Beethoven's first piano sonata, written 1795, was dedicated to Haydn and starts with that most common of gestures, the Mannheim Rocket. But once beyond this, it is clear that Beethoven's talent was not one for being confined. Throughout the disc, I was repeatedly struck by how, even in the most conventional of sonatas, Beethoven refuses to be constrained and of course in the Appassionata he goes completely wild and seems to delight in wrong footing the listener.

Noriko Ogawa and Jamie's Concerts

Jamie's Concerts
Pianist Noriko Ogawa's series Jamie's Concerts seem to be rather unique. They are aimed specifically at parents and carers of children with autism, though they are open also to people interested in autism. The concerts are designed to give the carers a chance to relax and listen in supportive environment, with the concerts designed to fit their busy and demanding lives. Generally free of charge, the concerts start at 11am and end well before the school day is over. Refreshments are served and the audience has chance to relax and chat.

One of Jamie's Concerts held by Noriko Ogawa in Japan
One of Jamie's Concerts held by Noriko Ogawa in Japan
The next Jamie's Concerts are in Manchester and London. On 22 April 2015 at the Barbirolli Room at the Bridgewater Hall (as part of the hall's Ravel and Rachmaninov Festival) and on 5 May 2015 at Milton Court Concert Hall, Guildhall School of Music in Drama. On 9 April 2015, Noriko Ogawa will also be giving an evening concert at St Peter's Eaton Square, London, as part of their 2015 Spring Series, and the concert will also be the official launch of Noriko Ogawa as an official Ambassador for the National Autistic Society. You can hear Norkio Ogawa talking about her charity work to Melanie Spanswick on a YouTube video.

When Noriko Ogawa first came to the UK, she lodged with a family with a child, Jamie, who had severe autism. Noriko Ogawa wanted to do something to help, and she found that when the child's carer was calm Jamie was calmer too, so the idea of helping 'behind the scenes' with Jamie's Concerts was born. You can learn more from Jamie's mother's blog, and there is a JustGiving page if you would like to contribute.

It has recently also been announced that the Guildhall School of Music and Drama, where Noriko Ogawa teaches, is to fund a research project looking at how attending concerts can help the parents and carers of children with autism, further information from the Guildhall School's website.

Monday, 23 March 2015

BBC Symphony Orchestra in Monte-Carlo

BBC Symphony Orchestra and Sakari Oramo
If you fancy a quick jaunt to Monte-Carlo in Monaco, then the BBC Symphony Orchestra is making its debut at the Festival Printemps des Arts there on Saturday 28 March 2015. Led by the chief conductor, Sakari Oramo, the orchestra will be playing and all Sibelius programme including Pojhola's Daughter, songs with Finnish soprano Soile Isokoski and Symphony No. 5, which celebrates not only the 150th anniversary of Sibelius's birth but the fact that Sibelius conducted the symphony's premiere 100 years ago in 1915.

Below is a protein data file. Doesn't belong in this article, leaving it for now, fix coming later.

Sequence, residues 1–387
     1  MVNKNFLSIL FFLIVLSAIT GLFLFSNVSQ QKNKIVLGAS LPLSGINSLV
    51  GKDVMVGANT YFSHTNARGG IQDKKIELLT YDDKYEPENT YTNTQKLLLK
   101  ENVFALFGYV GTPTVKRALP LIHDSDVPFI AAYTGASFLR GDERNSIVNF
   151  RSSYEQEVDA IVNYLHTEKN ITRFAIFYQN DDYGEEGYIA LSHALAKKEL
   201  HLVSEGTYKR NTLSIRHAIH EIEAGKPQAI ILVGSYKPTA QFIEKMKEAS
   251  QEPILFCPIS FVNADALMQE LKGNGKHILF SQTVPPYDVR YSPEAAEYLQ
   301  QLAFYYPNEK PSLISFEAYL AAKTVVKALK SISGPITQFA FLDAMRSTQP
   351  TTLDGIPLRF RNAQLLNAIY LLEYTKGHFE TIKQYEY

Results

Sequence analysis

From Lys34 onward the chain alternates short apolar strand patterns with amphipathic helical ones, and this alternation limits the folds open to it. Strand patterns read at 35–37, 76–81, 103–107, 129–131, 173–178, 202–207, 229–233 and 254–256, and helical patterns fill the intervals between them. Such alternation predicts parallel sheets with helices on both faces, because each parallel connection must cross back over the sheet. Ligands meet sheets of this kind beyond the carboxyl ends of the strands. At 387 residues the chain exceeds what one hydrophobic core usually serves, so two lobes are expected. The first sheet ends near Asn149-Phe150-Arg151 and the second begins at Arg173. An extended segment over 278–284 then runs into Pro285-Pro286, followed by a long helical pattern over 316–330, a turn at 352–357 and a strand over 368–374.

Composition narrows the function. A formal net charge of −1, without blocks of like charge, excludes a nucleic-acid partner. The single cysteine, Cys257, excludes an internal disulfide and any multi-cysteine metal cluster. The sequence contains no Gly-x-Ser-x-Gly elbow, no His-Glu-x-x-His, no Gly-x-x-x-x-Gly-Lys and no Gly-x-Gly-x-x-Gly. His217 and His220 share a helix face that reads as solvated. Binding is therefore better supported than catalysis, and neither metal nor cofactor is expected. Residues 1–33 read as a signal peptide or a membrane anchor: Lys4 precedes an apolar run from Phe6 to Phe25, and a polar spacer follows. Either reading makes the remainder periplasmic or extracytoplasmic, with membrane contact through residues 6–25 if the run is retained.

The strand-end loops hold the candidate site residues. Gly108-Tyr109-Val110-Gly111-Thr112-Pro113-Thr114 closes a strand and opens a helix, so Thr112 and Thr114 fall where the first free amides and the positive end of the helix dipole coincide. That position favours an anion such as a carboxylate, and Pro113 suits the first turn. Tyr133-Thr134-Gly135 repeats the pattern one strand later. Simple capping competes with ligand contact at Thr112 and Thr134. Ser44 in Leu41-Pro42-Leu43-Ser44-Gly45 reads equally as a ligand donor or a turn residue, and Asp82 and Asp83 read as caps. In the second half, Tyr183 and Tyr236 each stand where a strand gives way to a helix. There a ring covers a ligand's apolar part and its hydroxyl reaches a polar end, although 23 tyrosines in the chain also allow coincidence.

The festival runs from 20 March to 12 April 2015 and presents a diverse line-up of artists (some 400  in all) at a variety of different venues in Monte-Carlo including the Musee Oceanographique, Opera Granier, The Grimaldi Forum, and the Yacht Club de Monaco. This year the focus of the festival is particularly on the music of Sibelius, Bach and the Italian composer Franco Donatoni (1927-2000), whose work included Arte della Fuga based on that of Bach.

Flow my tears - Iestyn Davies

Flow my tears - Iestyn Davies
Johnson, Dowland, Danyel, Campion, Muhly, Hume; Iestyn Davies, Thomas Dunford, Jonathan Manson; Wigmore Hall Live
Reviewed by Robert Hugill on Mar 10 2015
Star rating: 5.0

New light on an old form - lute songs ancient and modern

This new disc from counter-tenor Iestyn Davies is on the Wigmore Hall Live label. A live recording of a Wigmore Hall concert from 5 July 2013, Davies is joined by lutenist Thomas Dunford and viol player Jonathan Manson for a programme of music for lute, viol and voice. There are a couple of interesting aspects to the programme, first the participation of viol player Jonathan Manson adds an interesting extra depth to some of the lute songs, and secondly the 16th and 17th century music by Robert Johnson, John Dowland, John Danyel, Thomas Campion and Tobias Hume, is joined by the world premiere of Nico Muhly's Old Bones.

Our knowledge of Elizabethan lute-songs is very much defined by the music of John Dowland (1563-1626), with his sophisticated talent, professional melancholy and constant frustration at never achieving a position at Queen Elizabeth's court. In fact his music was popular and he was professionally successful in monetary terms, and did achieve a court position late in life under King James. Dowland was of course simply part of a lute culture, in which songs and lute music were written, performed, published and circulated in manuscript collections.

Robert Johnson (c1583-1633) was appointed Queen Elizabeth's court lutenist in 1597 when he was only a teenager (which must, presumably, have annoyed Dowland greatly). Johnson also wrote music for the theatre and here Davies sings Have you seen the bright lily grow from Ben Jonson's comedy The Devil is an Ass (1616) and Care-charming sleep from John Fletcher's Valentinian (1610), plus a charming little song From the famous peak of Derby (also by Ben Jonson) which idealises life away from court.